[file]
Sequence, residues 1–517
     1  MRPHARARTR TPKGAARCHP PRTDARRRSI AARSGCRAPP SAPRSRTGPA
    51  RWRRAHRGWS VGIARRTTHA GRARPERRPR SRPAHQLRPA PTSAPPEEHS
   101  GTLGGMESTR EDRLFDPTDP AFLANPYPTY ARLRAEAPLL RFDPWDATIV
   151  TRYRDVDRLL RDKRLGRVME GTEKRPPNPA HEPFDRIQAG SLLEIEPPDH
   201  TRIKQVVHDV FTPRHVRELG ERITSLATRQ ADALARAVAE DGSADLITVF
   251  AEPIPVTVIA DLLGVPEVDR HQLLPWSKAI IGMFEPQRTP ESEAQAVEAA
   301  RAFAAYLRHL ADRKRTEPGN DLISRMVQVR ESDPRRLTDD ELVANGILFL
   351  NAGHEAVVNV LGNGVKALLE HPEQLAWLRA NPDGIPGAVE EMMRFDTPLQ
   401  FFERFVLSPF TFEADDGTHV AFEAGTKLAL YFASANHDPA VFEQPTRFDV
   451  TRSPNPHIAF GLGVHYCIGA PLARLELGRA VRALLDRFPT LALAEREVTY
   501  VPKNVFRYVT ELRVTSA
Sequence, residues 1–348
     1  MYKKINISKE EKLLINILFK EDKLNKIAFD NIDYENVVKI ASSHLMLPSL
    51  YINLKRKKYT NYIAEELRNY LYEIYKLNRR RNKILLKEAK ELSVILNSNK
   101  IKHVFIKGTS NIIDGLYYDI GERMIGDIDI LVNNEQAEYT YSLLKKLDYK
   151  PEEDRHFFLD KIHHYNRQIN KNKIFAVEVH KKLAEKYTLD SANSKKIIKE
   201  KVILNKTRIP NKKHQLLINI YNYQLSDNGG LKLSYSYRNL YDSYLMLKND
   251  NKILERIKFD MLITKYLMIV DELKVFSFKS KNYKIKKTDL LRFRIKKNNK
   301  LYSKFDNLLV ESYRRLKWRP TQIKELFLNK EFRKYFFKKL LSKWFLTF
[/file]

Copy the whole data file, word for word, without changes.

Sequence, residues 1–517
     1  MRPHARARTR TPKGAARCHP PRTDARRRSI AARSGCRAPP SAPRSRTGPA
    51  RWRRAHRGWS VGIARRTTHA GRARPERRPR SRPAHQLRPA PTSAPPEEHS
   101  GTLGGMESTR EDRLFDPTDP AFLANPYPTY ARLRAEAPLL RFDPWDATIV
   151  TRYRDVDRLL RDKRLGRVME GTEKRPPNPA HEPFDRIQAG SLLEIEPPDH
   201  TRIKQVVHDV FTPRHVRELG ERITSLATRQ ADALARAVAE DGSADLITVF
   251  AEPIPVTVIA DLLGVPEVDR HQLLPWSKAI IGMFEPQRTP ESEAQAVEAA
   301  RAFAAYLRHL ADRKRTEPGN DLISRMVQVR ESDPRRLTDD ELVANGILFL
   351  NAGHEAVVNV LGNGVKALLE HPEQLAWLRA NPDGIPGAVE EMMRFDTPLQ
   401  FFERFVLSPF TFEADDGTHV AFEAGTKLAL YFASANHDPA VFEQPTRFDV
   451  TRSPNPHIAF GLGVHYCIGA PLARLELGRA VRALLDRFPT LALAEREVTY
   501  VPKNVFRYVT ELRVTSA
Sequence, residues 1–348
     1  MYKKINISKE EKLLINILFK EDKLNKIAFD NIDYENVVKI ASSHLMLPSL
    51  YINLKRKKYT NYIAEELRNY LYEIYKLNRR RNKILLKEAK ELSVILNSNK
   101  IKHVFIKGTS NIIDGLYYDI GERMIGDIDI LVNNEQAEYT YSLLKKLDYK
   151  PEEDRHFFLD KIHHYNRQIN KNKIFAVEVH KKLAEKYTLD SANSKKIIKE
   201  KVILNKTRIP NKKHQLLINI YNYQLSDNGG LKLSYSYRNL YDSYLMLKND
   251  NKILERIKFD MLITKYLMIV DELKVFSFKS KNYKIKKTDL LRFRIKKNNK
   301  LYSKFDNLLV ESYRRLKWRP TQIKELFLNK EFRKYFFKKL LSKWFLTF